Supreme Court October 2023 Term preview

The Supreme Court Long Conference will be Tuesday, September 26. The Supreme Court October 2023 Term (and October sitting) begins Monday, October 2.

Here are the highest profile cases (so far) of the term.

From the October sitting:

Consumer Financial Protection Bureau v. Community Financial Services Association of America, Limited, No. 22-448 [Arg: 10.3.2023]

Issue(s): Whether the court of appeals erred in holding that the statute providing funding to the Consumer Financial Protection Bureau, 12 U.S.C. § 5497, violates the appropriations clause in Article I, Section 9 of the Constitution, and in vacating a regulation promulgated at a time when the Bureau was receiving such funding.

Alexander v. South Carolina State Conference of the NAACP, No. 22-807 [Arg: 10.11.2023]

Issue(s): (1) Whether the district court erred when it failed to apply the presumption of good faith and to holistically analyze South Carolina Congressional District 1 and the South Carolina General Assembly’s intent; (2) whether the district court erred in failing to enforce the alternative-map requirement in this circumstantial case; (3) whether the district court erred when it failed to disentangle race from politics; (4) whether the district court erred in finding racial predominance when it never analyzed District 1’s compliance with traditional districting principles; (5) whether the district court clearly erred in finding that the General Assembly used a racial target as a proxy for politics when the record showed only that the General Assembly was aware of race, that race and politics are highly correlated, and that the General Assembly drew districts based on election data; and (6) whether the district court erred in upholding the intentional-discrimination claim when it never even considered whether—let alone found that—District 1 has a discriminatory effect.

From the November sitting:

U.S. v. Rahimi, No. 22-915 [Arg: 11.7.2023]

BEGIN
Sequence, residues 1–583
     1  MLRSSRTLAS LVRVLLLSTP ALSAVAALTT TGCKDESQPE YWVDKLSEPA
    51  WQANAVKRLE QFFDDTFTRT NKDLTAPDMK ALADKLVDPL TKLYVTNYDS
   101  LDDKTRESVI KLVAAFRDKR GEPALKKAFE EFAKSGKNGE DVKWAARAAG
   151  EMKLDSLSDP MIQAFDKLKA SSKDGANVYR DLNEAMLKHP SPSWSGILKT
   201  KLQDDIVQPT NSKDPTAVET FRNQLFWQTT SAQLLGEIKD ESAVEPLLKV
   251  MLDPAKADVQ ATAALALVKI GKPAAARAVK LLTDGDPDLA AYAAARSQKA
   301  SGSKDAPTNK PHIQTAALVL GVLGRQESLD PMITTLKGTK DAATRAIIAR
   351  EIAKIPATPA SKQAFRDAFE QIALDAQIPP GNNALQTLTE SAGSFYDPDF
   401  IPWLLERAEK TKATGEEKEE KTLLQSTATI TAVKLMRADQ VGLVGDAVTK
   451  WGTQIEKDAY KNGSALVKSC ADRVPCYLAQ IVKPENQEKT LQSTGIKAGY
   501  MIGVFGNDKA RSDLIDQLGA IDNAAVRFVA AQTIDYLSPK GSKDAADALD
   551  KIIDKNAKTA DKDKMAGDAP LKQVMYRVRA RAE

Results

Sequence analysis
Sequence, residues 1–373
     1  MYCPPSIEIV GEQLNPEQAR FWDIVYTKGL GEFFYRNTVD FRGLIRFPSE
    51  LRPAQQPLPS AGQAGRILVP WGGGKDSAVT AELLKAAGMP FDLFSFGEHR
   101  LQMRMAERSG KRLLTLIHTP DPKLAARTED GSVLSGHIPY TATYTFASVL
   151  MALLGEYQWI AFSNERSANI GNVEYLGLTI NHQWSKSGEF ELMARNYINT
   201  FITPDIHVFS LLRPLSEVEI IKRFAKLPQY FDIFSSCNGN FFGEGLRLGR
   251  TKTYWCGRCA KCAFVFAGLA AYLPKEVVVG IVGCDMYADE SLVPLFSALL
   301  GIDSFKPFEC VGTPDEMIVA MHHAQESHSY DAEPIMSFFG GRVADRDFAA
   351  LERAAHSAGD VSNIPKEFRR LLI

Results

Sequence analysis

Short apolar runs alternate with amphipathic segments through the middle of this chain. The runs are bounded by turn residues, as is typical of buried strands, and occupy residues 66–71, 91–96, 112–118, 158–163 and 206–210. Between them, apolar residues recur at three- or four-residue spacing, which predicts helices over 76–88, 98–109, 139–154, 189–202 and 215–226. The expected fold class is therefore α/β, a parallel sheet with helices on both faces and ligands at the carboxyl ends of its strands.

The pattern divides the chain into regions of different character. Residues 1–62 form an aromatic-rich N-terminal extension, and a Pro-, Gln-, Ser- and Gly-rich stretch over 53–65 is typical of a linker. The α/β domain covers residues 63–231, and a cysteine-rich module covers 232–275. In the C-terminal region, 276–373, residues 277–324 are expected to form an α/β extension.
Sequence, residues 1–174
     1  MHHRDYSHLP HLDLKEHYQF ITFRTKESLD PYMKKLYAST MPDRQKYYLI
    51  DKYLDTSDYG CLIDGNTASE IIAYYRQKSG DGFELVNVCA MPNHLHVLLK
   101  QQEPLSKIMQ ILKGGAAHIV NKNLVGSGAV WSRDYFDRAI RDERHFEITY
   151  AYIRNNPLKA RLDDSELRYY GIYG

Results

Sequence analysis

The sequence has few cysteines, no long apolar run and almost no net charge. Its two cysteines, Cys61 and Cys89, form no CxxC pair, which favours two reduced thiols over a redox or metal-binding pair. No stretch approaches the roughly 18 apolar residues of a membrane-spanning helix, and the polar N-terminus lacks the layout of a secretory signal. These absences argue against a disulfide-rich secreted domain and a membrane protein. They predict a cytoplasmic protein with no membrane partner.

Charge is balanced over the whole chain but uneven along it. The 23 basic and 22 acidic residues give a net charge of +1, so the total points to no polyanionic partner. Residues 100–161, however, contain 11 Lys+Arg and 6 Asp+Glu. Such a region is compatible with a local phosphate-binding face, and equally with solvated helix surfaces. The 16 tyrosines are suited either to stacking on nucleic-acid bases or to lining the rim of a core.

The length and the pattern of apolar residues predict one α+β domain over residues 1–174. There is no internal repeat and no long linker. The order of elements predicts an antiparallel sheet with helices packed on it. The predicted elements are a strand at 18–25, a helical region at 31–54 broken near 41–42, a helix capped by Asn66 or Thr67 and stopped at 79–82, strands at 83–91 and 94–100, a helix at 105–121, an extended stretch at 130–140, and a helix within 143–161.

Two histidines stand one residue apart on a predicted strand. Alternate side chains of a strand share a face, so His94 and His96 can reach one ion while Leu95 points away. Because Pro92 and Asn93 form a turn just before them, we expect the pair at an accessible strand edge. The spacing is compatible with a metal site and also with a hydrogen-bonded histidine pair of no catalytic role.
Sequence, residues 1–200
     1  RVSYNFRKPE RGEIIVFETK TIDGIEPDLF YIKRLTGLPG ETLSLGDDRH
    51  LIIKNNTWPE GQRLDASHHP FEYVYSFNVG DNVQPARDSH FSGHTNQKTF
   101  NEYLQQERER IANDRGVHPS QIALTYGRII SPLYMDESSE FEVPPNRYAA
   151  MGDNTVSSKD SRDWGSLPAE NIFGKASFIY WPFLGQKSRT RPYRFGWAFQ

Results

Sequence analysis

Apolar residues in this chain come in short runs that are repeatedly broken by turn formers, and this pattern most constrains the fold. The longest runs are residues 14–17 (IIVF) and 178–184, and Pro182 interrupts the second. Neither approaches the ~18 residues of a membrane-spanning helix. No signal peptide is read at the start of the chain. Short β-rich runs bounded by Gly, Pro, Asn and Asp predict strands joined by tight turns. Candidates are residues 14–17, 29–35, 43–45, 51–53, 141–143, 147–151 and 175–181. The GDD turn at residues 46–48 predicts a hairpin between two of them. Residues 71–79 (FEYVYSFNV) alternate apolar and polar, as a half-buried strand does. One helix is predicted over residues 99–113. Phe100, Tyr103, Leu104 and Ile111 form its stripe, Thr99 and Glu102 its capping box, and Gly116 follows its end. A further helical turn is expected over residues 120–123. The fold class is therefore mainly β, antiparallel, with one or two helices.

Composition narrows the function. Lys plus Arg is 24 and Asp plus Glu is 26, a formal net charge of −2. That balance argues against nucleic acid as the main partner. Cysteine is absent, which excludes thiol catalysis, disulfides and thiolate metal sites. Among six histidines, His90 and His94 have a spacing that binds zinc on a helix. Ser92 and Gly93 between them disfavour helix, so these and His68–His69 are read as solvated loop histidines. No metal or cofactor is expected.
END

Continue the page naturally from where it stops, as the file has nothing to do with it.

Issue(s): Whether 18 U.S.C. § 922(g)(8), which prohibits the possession of firearms by persons subject to domestic-violence restraining orders, violates the Second Amendment on its face.

Not yet scheduled for argument:

Loper Bright Enterprises v. Raimondo, No. 22-451

Issue(s): Whether the court should overrule Chevron v. Natural Resources Defense Council, or at least clarify that statutory silence concerning controversial powers expressly but narrowly granted elsewhere in the statute does not constitute an ambiguity requiring deference to the agency.

Moore v. U.S., No. 22-800

Issue(s): Whether the 16th Amendment authorizes Congress to tax unrealized sums without apportionment among the states.

Securities and Exchange Commission v. Jarkesy, No. 22-859

Issue(s): (1) Whether statutory provisions that empower the Securities and Exchange Commission to initiate and adjudicate administrative enforcement proceedings seeking civil penalties violate the Seventh Amendment; (2) whether statutory provisions that authorize the SEC to choose to enforce the securities laws through an agency adjudication instead of filing a district court action violate the nondelegation doctrine; and (3) whether Congress violated Article II by granting for-cause removal protection to administrative law judges in agencies whose heads enjoy for-cause removal protection.

Loper and Moore are the two top cases at the moment. Loper has the potential to overrule Chevron. Moore has the potential to forever bar the imposition of wealth taxes in the United States.

THIS is the Sackler case, which I inadvertently omitted from the OP.

Harrington v. Purdue Pharma L.P., No. 23-124

Issue(s): Whether the Bankruptcy Code authorizes a court to approve, as part of a plan of reorganization under Chapter 11 of the Bankruptcy Code, a release that extinguishes claims held by nondebtors against nondebtor third parties, without the claimants’ consent.